A - train.Date_time_of_event.dt.days
B - train.Date_time_of_event.dt.day
C - train.Date_time_of_event.dt.Day

D – None of these

Solution: B


Q 28)
28There is another thing we could do with the datetime column. We can find the name of weekday the date belongs to. How can we do this through code?
A - train.Date_time_of_event.dt.weekdayname
B - train.Date_time_of_event.dt.weekday_name
C - train.Date_time_of_event.dt.Weekday_name

D – None of these

Solution: B


Q 29)

29Sometimes the datetime column could be arranged in unix format. To extract useful information from the datetime column, you would have to convert it into usable format.

How would you do it?

A - pd.to_datetime(train['TIMESTAMP'],unit='s')
B - pd.to_datetime(train['TIMESTAMP'],unit='second')
C - pd.to_datetime(train['TIMESTAMP'],unit='unix')

D – None of these

Solution: A


Q 30) 30Find the difference between current time and column ‘Date_time_of_event’.

A - pd.datetime.now - train.Date_time_of_event.dt
B - pd.datetime.now() - train.Date_time_of_event.dt
C - pd.datetime.now() - train.Date_time_of_event

D – None of these

Solution: C


Q 31) 31Consider that you have to replace the “Date_time_of_event” column with the first day of the month.

How would you do this in python?

A - train['Date_time_of_event'] = train.Date_time_of_event.apply(lambda x: x.replace(day=1))
B - >>> train['month'] = train.Date_time_of_event.dt.month; train['year'] = train.Date_time_of_event.dt.year
>>> train['day'] = 1
>>> train['Date_time_of_event'] = train.apply(lambda x:pd.datetime.strptime("{0} {1} {2}".format(x['year'],x['month'], x['day']), "%Y %m %d"),axis=1)

C – Both A and B

D – None of these

Solution: C


Q 32)

32The dataset above provides every day expenses on different necessities (days will be arranged in columns and expenses on necessities is in rows).

Provide python code to compute cummulative cost for each day.

A - a.sumcum(axis=0)
B - a.cumsum(axis=1)
C - a.sumcum(axis=1)

D - a.cumsum(axis=0)
Solution: B


Q 33)

33_133_2For three data sets given train,student and internship we need to merge these data sets in such a way that for train data every row must have the student details from student data and intern details from intern data. (Consider only the rows which are similar in both the respective datasets)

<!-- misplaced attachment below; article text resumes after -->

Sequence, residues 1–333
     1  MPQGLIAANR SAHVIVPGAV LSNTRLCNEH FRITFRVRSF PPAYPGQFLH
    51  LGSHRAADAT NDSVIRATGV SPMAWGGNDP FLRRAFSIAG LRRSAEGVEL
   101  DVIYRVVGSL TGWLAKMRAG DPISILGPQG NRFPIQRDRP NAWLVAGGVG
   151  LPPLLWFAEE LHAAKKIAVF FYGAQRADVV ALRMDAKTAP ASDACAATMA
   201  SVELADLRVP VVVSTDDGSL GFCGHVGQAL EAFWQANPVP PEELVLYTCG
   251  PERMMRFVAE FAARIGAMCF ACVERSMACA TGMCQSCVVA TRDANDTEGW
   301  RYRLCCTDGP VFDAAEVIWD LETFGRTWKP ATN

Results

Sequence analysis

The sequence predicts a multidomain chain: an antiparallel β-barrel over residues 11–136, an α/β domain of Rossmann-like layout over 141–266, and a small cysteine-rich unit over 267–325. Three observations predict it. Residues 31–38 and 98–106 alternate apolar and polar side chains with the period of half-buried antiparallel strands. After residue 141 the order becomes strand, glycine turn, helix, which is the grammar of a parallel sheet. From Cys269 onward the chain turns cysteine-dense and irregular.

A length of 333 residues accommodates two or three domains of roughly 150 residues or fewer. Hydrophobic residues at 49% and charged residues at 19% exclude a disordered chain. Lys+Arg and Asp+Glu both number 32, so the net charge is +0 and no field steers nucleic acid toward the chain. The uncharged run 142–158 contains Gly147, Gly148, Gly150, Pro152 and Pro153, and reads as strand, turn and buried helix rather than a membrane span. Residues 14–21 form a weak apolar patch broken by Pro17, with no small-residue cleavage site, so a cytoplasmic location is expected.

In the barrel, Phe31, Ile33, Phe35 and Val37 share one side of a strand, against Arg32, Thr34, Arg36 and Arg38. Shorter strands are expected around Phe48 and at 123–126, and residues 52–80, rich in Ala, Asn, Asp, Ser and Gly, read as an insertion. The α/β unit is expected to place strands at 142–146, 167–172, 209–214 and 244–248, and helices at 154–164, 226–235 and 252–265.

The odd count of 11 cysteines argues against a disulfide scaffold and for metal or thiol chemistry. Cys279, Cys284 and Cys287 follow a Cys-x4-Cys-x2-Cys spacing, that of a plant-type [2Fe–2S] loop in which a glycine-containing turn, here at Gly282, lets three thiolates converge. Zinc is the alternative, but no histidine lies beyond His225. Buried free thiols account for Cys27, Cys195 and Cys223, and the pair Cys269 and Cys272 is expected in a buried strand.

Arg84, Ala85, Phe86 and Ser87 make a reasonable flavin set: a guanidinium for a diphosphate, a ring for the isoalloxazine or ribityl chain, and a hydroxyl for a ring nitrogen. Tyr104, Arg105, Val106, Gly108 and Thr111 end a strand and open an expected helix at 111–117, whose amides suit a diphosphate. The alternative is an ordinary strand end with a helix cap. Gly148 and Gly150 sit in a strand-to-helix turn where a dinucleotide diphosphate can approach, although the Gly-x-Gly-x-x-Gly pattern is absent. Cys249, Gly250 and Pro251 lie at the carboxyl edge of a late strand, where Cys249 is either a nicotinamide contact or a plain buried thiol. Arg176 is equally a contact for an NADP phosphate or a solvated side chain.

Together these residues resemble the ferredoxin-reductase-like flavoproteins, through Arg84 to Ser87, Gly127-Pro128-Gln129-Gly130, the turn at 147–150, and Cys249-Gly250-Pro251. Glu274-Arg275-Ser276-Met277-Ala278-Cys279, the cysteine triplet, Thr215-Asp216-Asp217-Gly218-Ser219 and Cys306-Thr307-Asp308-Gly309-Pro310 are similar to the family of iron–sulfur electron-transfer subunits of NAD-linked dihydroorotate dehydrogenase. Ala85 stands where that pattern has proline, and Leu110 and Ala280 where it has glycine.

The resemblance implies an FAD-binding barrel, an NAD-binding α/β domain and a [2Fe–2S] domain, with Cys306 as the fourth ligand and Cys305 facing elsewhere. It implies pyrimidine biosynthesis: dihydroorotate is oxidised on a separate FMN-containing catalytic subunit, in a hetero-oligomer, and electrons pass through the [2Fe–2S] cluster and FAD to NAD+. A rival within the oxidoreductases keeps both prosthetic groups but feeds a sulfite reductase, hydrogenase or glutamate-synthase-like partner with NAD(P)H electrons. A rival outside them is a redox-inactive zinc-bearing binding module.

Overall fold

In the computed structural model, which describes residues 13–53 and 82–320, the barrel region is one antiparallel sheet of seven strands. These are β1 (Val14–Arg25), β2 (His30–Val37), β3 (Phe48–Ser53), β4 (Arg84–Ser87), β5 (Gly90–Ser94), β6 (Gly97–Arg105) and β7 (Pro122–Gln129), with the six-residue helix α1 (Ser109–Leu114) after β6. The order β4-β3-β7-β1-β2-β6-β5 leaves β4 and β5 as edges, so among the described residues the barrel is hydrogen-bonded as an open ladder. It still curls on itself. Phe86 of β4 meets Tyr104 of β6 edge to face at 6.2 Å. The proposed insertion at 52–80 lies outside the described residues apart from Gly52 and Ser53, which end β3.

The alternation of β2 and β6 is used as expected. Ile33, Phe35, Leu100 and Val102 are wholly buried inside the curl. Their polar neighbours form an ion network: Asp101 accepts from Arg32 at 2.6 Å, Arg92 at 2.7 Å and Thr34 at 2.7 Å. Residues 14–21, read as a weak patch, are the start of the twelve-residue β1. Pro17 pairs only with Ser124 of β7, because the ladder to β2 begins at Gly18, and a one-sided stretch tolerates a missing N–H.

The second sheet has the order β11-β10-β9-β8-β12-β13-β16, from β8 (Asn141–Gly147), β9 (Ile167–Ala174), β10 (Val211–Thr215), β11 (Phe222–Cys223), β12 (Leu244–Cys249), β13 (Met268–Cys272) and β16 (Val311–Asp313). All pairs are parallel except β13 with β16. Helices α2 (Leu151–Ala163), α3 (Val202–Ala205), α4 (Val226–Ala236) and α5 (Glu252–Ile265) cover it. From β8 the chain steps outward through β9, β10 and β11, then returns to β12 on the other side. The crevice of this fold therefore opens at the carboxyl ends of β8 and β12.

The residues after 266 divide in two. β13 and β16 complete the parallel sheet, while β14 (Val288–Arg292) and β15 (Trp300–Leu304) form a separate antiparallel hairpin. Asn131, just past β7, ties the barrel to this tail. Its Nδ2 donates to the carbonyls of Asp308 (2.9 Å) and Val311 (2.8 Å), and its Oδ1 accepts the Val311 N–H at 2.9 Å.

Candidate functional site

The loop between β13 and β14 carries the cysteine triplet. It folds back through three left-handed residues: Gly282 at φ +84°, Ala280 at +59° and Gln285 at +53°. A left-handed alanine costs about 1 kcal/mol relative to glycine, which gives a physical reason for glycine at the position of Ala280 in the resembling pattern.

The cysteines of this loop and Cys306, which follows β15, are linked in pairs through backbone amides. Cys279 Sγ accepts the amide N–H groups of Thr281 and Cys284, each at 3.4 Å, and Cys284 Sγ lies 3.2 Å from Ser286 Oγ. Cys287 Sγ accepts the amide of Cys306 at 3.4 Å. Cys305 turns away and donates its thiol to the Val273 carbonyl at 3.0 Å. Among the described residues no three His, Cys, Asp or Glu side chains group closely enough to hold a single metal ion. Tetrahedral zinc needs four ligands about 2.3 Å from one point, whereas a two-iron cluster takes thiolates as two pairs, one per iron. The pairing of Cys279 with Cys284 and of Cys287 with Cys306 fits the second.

Fill the blanks in the code:


A - Student_ID, outer, Internship_ID, inner
B - Internship_ID, right, Student_ID, inner
C - Internship_ID, inner, Student_ID, under

D - Internship_ID, inner, Student_ID, inner
Solution: D


Q 34)

34In the data above, you might have noticed presence of duplicate rows. This might create problem during joins. To avoid this problem we need to remove the duplicates by keeping the first occurance only.

Fill the blanks appropriately :


A - drop_same, first, True
B - drop_duplicates, first, False
C - drop_same, last, True

D - drop_duplicates, first, True
Solution: D

Q 35)
Which of the following will be able to extract an e-mail address from string of words?
A - match=re.search(r"\w+@\w+",string)
B - match=re.findall(r"[\w._]+@[\w.]+",string)
C - match=re.purge(r"[\w._]+@[\w.__]+",string)

D - match=re.compile(r"[\w._]@[\w.]",string)
Solution: B

Q 36) 36In the data above, you want to drop the row “sleep”, how would you do it?
A - train.drop("sleep", axis=1)
B - train.dropna("sleep", axis=1)
C - train.drop("sleep", axis=0)D –  None of theseSolution: C


Q 37) 37Complete the code for removing the “Minimum_Duration” and “Preferred_location” variables from the “train” data set.


A - axis=0
B - axis=1
C - inplace=True

D - inplace=False
Solution: B

You specify, “axis=1” when you want to access columns. On the other hand, you specify “axis=0” when accessing rows.

Q 38)38_138_2 For the train data set which for the different types of crimes in San Fransisco, a plot is made depicting the total number of different types of crimes with respect to “Category” column. Which of the following code will correctly give the above desired plot?